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  22. As with everyone else, I’ve also suffered for many years of being agitated by certain noises.. (lips smacking, that swallowing ‘smack’ sound when someone is speaking, clanking of silverware against bowls & plates.. and so on).

    But in my case – my Misophonia is getting worse. Now I’m becoming annoyed by reading certain words or names being over used repeatedly.
    It has gotten to the point I don’t like visually seeing people’s names on a website, let alone hear it on TV or Radio.

    A lot of good points or arguments on any given topic is lost when listening to radio or TV… and the person speaking makes mouth noises. I have to quickly turn them off or change the channel. (no matter who is speaking).

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  23. Wow! I’m a health psych professional and I never heard of this! I thought it was just me. I guess mine is very mild, b/c I didn’t see some of my triggers on the lists. My worst are little kids screeching in the grocery store and people with lispy speech being commentators on public media. Sniffing sends me up the wall- I have even given tissues to people in the movie theater. Never thought this was a problem until I read about it in the “Dear Abby” column in the Sunday paper! Go figure!

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  24. I too have suffered from misophonia but until recent never knew it had a name. Crunching hard candy and ice irritate me. Loud chewing, etc. I have sufferred through alot of times too embarassed to say anything. I am 67 yr old. I never wanted to appear as a “freak”!
    As of late outside noises like the clanging of a flagpole or wind chimes can paralyze me I cannot “block” them out as some have suggested. I love to be outside so this is a problem. I don’t want to be the “bitch” of the neighborhood but I have found some flagpole silencers for my neighbot and they have cooperated so far. Recently a new person moved into our area and he has a very loud pickup and it rattles me to the bone. This too has upset me tremendously.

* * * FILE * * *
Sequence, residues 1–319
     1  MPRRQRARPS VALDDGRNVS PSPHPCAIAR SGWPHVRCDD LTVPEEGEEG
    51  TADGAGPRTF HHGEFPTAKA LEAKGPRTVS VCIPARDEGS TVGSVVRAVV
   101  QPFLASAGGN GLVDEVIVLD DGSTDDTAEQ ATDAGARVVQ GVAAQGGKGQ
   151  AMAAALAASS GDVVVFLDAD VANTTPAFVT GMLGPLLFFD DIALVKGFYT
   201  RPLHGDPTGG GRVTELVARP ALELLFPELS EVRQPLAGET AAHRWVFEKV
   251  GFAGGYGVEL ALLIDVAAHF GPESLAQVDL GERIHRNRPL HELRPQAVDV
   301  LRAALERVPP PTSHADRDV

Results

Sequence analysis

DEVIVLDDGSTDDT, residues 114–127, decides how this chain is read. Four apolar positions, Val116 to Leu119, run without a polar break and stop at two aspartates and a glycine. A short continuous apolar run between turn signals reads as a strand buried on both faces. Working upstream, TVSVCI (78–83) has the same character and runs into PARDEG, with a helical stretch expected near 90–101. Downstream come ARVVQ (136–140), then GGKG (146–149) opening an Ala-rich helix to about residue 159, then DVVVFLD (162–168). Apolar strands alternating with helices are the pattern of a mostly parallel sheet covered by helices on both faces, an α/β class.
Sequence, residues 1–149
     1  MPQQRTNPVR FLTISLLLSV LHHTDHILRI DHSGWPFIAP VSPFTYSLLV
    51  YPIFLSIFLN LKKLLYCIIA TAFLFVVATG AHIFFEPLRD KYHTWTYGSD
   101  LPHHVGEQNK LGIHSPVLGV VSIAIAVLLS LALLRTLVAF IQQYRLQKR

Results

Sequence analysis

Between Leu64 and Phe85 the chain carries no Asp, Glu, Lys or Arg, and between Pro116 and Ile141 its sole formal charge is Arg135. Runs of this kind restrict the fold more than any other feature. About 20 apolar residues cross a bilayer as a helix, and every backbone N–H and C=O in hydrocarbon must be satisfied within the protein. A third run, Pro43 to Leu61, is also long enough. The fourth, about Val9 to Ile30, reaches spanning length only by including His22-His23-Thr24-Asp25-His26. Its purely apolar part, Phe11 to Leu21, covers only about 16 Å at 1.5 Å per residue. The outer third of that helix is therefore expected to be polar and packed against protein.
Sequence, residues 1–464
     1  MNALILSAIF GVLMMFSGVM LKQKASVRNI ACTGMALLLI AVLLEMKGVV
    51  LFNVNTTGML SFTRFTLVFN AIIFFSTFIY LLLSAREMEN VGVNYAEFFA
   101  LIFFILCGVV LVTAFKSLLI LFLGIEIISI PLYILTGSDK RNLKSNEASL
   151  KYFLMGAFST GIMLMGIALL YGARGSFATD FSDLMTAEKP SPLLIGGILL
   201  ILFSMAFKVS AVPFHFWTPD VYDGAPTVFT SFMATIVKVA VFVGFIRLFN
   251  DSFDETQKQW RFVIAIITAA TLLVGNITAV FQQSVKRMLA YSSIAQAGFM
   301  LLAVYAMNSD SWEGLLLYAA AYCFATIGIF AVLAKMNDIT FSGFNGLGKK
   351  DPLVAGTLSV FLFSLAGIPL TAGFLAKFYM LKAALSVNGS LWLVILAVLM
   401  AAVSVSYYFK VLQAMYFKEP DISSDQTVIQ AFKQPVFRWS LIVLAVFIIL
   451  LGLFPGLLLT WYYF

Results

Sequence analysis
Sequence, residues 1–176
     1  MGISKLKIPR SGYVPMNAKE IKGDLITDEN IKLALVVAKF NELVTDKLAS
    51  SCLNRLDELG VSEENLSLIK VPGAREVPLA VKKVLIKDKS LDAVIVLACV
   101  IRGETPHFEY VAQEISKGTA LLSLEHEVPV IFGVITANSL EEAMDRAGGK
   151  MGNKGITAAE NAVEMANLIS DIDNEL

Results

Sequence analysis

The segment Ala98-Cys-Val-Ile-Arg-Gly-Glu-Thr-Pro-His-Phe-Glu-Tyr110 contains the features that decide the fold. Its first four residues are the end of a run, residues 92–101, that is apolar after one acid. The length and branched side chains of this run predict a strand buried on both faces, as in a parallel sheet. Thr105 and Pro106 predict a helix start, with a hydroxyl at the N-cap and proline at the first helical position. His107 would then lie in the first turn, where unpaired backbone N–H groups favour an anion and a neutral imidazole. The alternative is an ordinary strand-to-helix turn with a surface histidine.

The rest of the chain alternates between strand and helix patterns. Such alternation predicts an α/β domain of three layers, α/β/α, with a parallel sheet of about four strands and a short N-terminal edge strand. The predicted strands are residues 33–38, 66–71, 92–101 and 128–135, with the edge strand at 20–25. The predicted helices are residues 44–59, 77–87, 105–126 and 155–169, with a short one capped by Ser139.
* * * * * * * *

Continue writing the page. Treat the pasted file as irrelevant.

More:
Hoping to find some help for this.

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  25. I also suffer from misophonia and I was very happy when I read it was a condition and there are others like me out there. My family thought I disliked them growing up as I would not want to eat together with them, especially my parents and grandparents made very annoying noises that made me feel angry and anxious. Now I live alone, but that’s not a solution I suppose. I also avoid public transportation, but I try to sometimes to cope with it with very loud music. If my phone dies, I panic.
    I have talked about it with a psychologist in a few sessions and he suggested I confront the sounds instead of deafening it or removing myself from the situation. I stopped seeing him, I could do a few minutes and his suggestion didn’t help.
    I also noticed that seeing someone chewing gum (even if I dont hear them, I imagine the sound) produces the same overwhelming feelings. If the person is in my sight, I am moving away. It takes me few minutes to calm down.
    Recently I’m having a hard time at work when people around me talk and laugh around me. I also noticed that if Im tired or stressed, im more prone to see/ hear triggers everywhere. So a good state of mind and rest is important for me to cope with it and control lashing out or how overwhelming the feelings get. Im sometimes telling them nicely that its distracting and I cannot concentrate (if I know them well enough), but I feel Im alienating my colleagues and its just hard living like this. I really need help :(, I wish there would be more information available on possible treatments or some coping mechanisms.
    If anyone has some that worked for them, pls let me know.

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  26. The last few years I have been experiencing a problem where I panic about noise in my apartment which seems to be coming from neighbours above which can be from scraping a chair on the floor to them walking around which then I hear a bass noise which then starts me off whit my heart racing and then start getting axmcity and I start panicking and start getting annoyed and don’t want to be here. I have to walk around sometimes with headphones or just go out to get away from any tap or any noise. I have spoken to family and they have said there is a condition and see what help is needed as this is affecting my job and my relationship and will cause further problems. Is this something a GP could help with ?